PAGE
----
Apple Releases First Developer Preview of OS X Mountain Lion, Public Launch in Late Summer

Apple today announced that it has released the first developer preview of the company's next-generation operating system, named OS X Mountain Lion. The release will bring over 100 new features, including a number of those familiar to iOS users such as Messages, Notes, Reminders, Game Center, Notification Center, Twitter integration, and AirPlay Mirroring. The first developer preview is available to registered developers today, with a public launch through the Mac App Store scheduled for late this summer.

“The Mac is on a roll, growing faster than the PC for 23 straight quarters, and with Mountain Lion things get even better,” said Philip Schiller, Apple’s senior vice president of Worldwide Marketing. “The developer preview of Mountain Lion comes just seven months after the incredibly successful release of Lion and sets a rapid pace of development for the world’s most advanced personal computer operating system.”

OS X Mountain Lion included deeper integration with iCloud to automatically configure services like Mail, FaceTime, and Find My Mac, while iCloud Documents handles automatic push syncing of documents across devices. Security is also a focus in the upcoming release, with a new feature called Gatekeeper helping users to specify from which sources apps may be installed on their computers.


Finally, Apple is continuing its emphasis on expanding into China with substantial improvements for Chinese users included enhanced Chinese input methods and the addition of Baidu as a search engine option. Integration with Chinese email and video hosting sites as well as the Sina weibo microblogging service is also included.

Advance previews of OS X Mountain Lion are available from a number of sources:

- The Loop
- Macworld
- Engadget
- The Verge
- AllThingsD
- CNET
- The Wall Street Journal's interview with Tim Cook

And perhaps most interestingly, Daring Fireball's John Gruber relates the private briefing he received from Phil Schiller and other Apple executives.

Top Rated Comments

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108 months ago
I didn't expect that
Score: 75 Votes (Like | Disagree)
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108 months ago
I love the fact that this came out of the blue, and it really seems to be a polish to Lion. Apple is moving in the right direction.
Score: 50 Votes (Like | Disagree)
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108 months ago
I thought it was April Fools Day for a second... nice surprise.
Score: 43 Votes (Like | Disagree)
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108 months ago
Hmmm....

OSX 10.1 is known as "Puma."

OSX 10.8 will be known as "Mountain Lion."

According to Wikipedia:
"The cougar (Puma concolor), also known as puma, mountain lion, mountain cat, catamount or panther, depending on the region, is a mammal of the family Felidae, native to the Americas. This large, solitary cat has the greatest range of any large wild terrestrial mammal in the Western Hemisphere,[3] extending from Yukon in Canada to the southern Andes of South America. An adaptable, generalist species, the cougar is found in every major American habitat type. It is the second heaviest cat in the Western Hemisphere, after the jaguar. Although large, the cougar is most closely related to smaller felines and is closer genetically to the domestic cat than to true lions."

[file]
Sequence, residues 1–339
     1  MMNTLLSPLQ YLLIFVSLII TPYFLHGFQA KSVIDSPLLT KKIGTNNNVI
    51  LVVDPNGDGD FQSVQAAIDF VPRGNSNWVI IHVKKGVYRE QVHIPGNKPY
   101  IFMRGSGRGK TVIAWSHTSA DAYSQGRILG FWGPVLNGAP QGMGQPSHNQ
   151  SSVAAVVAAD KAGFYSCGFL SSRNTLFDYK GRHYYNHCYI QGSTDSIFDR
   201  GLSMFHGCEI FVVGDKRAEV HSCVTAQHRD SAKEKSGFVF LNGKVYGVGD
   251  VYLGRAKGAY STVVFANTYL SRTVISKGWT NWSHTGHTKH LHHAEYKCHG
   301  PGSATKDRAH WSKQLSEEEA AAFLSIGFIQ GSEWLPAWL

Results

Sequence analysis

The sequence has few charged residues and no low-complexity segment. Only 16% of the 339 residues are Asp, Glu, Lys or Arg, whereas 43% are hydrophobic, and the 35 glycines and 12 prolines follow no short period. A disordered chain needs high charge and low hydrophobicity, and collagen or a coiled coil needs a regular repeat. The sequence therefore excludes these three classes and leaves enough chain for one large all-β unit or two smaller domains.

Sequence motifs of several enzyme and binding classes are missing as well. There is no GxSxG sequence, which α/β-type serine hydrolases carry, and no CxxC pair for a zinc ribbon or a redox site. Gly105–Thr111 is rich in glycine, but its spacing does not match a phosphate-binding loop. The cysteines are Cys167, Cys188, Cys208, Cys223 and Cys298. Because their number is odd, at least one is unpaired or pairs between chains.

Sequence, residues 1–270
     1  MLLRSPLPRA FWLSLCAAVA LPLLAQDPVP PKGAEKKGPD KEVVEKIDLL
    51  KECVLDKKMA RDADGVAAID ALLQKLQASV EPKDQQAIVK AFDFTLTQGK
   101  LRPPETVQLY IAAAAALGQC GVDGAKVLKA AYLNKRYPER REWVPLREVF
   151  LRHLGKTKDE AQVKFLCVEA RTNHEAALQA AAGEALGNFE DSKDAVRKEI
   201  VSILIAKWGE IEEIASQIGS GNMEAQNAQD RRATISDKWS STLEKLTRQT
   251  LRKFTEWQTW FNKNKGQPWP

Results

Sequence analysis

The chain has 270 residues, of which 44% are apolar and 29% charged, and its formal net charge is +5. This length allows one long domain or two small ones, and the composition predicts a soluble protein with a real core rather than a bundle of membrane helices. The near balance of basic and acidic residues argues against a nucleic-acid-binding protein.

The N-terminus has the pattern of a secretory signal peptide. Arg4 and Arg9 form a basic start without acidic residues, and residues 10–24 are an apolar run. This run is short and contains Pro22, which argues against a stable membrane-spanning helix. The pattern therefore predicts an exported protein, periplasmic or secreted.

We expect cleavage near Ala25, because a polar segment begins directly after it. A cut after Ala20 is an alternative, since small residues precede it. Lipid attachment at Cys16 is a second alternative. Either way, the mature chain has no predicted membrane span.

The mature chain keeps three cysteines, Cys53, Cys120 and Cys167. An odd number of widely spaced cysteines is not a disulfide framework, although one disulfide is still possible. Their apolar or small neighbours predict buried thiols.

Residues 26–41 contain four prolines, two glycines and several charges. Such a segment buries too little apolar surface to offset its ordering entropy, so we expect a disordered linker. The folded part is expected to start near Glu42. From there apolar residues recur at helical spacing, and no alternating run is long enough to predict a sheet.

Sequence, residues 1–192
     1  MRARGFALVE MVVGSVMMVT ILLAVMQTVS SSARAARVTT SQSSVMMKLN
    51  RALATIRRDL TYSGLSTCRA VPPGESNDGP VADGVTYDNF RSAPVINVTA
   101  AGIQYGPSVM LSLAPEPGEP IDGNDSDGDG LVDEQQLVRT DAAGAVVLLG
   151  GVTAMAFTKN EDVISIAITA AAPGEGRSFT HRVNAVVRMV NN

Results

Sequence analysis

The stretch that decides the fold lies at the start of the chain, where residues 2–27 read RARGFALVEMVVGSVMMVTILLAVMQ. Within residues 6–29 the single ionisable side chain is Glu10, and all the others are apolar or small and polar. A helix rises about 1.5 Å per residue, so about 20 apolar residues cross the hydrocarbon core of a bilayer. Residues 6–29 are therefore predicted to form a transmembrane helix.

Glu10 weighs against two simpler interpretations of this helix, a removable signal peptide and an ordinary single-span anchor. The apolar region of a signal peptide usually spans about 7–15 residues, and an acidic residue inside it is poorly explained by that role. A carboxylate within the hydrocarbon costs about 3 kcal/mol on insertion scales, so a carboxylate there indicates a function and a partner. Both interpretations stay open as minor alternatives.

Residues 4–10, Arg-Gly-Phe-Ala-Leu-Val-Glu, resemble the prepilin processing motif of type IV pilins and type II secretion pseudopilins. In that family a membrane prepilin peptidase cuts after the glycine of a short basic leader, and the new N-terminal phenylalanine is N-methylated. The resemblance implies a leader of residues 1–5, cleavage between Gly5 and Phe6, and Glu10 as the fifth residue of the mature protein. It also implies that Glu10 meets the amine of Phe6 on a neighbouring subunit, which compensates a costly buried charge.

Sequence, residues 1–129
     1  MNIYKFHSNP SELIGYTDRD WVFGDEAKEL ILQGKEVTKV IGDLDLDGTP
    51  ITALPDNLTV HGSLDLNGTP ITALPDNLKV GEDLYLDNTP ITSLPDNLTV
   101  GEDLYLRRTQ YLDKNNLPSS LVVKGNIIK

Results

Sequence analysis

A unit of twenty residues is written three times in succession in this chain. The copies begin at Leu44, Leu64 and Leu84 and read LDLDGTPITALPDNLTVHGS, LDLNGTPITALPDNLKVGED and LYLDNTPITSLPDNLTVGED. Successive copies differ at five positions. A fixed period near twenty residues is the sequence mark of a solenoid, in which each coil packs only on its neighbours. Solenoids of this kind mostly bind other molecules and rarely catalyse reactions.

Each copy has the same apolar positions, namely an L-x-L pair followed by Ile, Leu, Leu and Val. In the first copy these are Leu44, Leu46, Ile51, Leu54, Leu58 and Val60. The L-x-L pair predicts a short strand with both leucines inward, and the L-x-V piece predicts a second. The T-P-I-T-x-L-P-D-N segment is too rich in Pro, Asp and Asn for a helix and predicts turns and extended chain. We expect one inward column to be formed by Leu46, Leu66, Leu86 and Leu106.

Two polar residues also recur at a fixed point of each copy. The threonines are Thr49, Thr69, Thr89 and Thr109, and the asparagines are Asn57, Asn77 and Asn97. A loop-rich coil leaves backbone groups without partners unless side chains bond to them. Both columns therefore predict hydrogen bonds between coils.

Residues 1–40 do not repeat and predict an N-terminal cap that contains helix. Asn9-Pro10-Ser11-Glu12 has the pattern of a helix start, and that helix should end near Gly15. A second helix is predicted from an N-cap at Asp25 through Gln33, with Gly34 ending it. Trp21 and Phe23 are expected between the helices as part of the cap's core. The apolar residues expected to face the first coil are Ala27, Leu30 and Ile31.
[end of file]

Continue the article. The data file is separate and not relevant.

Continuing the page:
Score: 36 Votes (Like | Disagree)
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108 months ago
Did not see this one coming.

Score: 29 Votes (Like | Disagree)
Avatar
108 months ago

Anyone guess what default setting for Gatekeeper will be, hmm could it be the App store only ???





Gruber's take:

My favorite Mountain Lion feature, though, is one that hardly even has a visible interface. Apple is calling it “Gatekeeper”. It’s a system whereby developers can sign up for free-of-charge Apple developer IDs which they can then use to cryptographically sign their applications. If an app is found to be malware, Apple can revoke that developer’s certificate, rendering the app (along with any others from the same developer) inert on any Mac where it’s been installed. In effect, it offers all the security benefits of the App Store, except for the process of approving apps by Apple. Users have three choices which type of apps can run on Mountain Lion:

Only those from the App Store
Only those from the App Store or which are signed by a developer ID
Any app, whether signed or unsigned
The default for this setting is, I say, exactly right: the one in the middle, disallowing only unsigned apps. This default setting benefits users by increasing practical security, and also benefits developers, preserving the freedom to ship whatever software they want for the Mac, with no approval process.

Call me nuts, but that’s one feature I hope will someday go in the other direction — from OS X to iOS.

Score: 23 Votes (Like | Disagree)

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